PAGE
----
Vn93.1 Marx Brothers 9/17/77

About a week or two ago, a radio program I sometimes listen to was
displaced by a series of recordings played in memory of the then just
dead Groucho Marx. I had to explain this to Robby and Miriam, explain
that the funny little man they had seen on TV in those old movies was
dead. Miriam asked if that meant we would never see his movies again.
For the short term, of course, the opposite is true. While we would
interrupt ourselves in the past when given the chance to see “Horse
Feathers” or “Duck Soup” on TV, we three had never seen the Marx
Brothers movies on the big screen.

The children spent all afternoon yesterday bickering with each
other. I felt Gretchen needed a break. Since I had slept little last
night, my taking the children to a dull movie occurred to me as a
relatively harmless way to spend an afternoon in which I could expect to
accomplish nothing anyway. My scenario called for our going to see “Star Wars”
over at Cleveland Circle (about a mile from our house). When the news-
paper advertised a Marx Brothers triple feature, the flashy sci-fi flick
was no competition. The kids said we had to go see the Marx Brothers,
even in the center of Boston.

We all had a great time, but 5 hours of movies gets a little wear-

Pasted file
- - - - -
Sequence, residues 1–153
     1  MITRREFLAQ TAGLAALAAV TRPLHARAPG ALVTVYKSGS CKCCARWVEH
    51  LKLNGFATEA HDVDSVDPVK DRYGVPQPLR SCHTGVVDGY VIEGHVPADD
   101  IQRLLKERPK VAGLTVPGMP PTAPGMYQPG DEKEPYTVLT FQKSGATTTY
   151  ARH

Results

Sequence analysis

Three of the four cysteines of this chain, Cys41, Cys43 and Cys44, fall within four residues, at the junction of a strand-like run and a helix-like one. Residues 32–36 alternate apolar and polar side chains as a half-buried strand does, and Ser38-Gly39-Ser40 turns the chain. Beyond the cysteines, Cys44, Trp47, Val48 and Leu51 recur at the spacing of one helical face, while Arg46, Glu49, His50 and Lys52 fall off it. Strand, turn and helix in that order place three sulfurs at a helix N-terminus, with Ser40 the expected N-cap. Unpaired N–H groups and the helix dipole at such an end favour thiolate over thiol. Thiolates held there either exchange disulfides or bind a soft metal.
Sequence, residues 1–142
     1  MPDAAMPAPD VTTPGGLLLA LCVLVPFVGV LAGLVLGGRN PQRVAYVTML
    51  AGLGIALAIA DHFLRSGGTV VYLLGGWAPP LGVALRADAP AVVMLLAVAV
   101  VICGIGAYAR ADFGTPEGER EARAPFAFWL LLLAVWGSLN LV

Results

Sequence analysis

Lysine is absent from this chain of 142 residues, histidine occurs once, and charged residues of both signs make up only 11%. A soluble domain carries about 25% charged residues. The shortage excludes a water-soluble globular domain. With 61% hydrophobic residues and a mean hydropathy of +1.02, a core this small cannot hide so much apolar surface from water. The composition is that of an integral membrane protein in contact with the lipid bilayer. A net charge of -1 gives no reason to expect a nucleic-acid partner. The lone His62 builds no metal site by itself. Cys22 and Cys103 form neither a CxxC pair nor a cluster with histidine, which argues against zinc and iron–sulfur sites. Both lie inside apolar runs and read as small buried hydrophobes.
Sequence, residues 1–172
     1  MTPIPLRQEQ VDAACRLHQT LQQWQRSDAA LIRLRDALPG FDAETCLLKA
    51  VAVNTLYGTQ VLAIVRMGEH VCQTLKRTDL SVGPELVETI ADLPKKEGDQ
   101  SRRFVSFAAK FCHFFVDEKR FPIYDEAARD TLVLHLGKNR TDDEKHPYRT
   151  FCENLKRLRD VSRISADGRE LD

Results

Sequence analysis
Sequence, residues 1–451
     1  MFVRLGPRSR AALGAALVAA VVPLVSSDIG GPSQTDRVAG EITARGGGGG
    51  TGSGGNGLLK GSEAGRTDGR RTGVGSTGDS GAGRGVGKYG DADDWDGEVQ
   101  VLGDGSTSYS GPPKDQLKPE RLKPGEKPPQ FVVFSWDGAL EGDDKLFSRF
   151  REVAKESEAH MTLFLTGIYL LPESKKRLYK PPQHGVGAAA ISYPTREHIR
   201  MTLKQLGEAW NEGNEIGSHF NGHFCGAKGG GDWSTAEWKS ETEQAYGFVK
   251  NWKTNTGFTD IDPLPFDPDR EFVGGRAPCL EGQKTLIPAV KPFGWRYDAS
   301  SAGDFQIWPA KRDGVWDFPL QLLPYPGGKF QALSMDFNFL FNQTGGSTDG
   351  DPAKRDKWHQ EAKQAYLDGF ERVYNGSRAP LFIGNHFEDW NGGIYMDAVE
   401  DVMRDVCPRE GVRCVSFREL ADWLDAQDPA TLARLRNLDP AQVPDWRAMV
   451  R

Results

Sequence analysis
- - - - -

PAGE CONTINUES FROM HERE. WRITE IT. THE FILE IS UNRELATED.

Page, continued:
ing. I’m sure the children will remember as I do the train ride in “Go
West,” the search for the 10 G’s in Goliath’s room in “At the Circus,”
and rollerskating in “The Big Store.” We all complained equally at the
recurrent ‘mush’ (Miriam was surprisingly delicate: “This is just too
much romance.”), but the ambience was not the same as thirty years ago
when the hero and ingenue were always greeted with boo’s. (The prices
have gone from 10¢ to $1.50, and the matinee crowd has shrunk

Gretchen had dropped us off at the theater by car. Our trip home
was by MTA. As we rattled away from the Auditorium station of the Green
Line, Miriam confided to me: “Daddy, I really love riding in the subway.”
So do I. I recall the many Sundays I spent at the age of 8 riding about
Philadelphia on the Public Transportation Company (PTC) system. A dime
would take you from the Northeast where I lived to the International
Airport in the Southwest or to the 69th Street terminal in the suburban
Northwest. I knew well all the routes that would permit a great circle
of free transfers back to the point of origin, and which stations on
the Broad or Market Street subways permitted a free reversal of
direction. When the ragweed is gone and the cooler autumn air holds less
dust in the underground stations, I expect we three will explore the MTA.

We are now moving into the final phase of our project. This vignette
marks how we spent one afternoon in a slack period, a small vacation in
place before we begin re-executing the Genevan experiments with which
our work began. Days such as this are essential in maintaining our good
working relationship, days where we do nothing ‘serious,’ only essential
things such as playing together, enjoying each other’s company.

Print Friendly, PDF & Email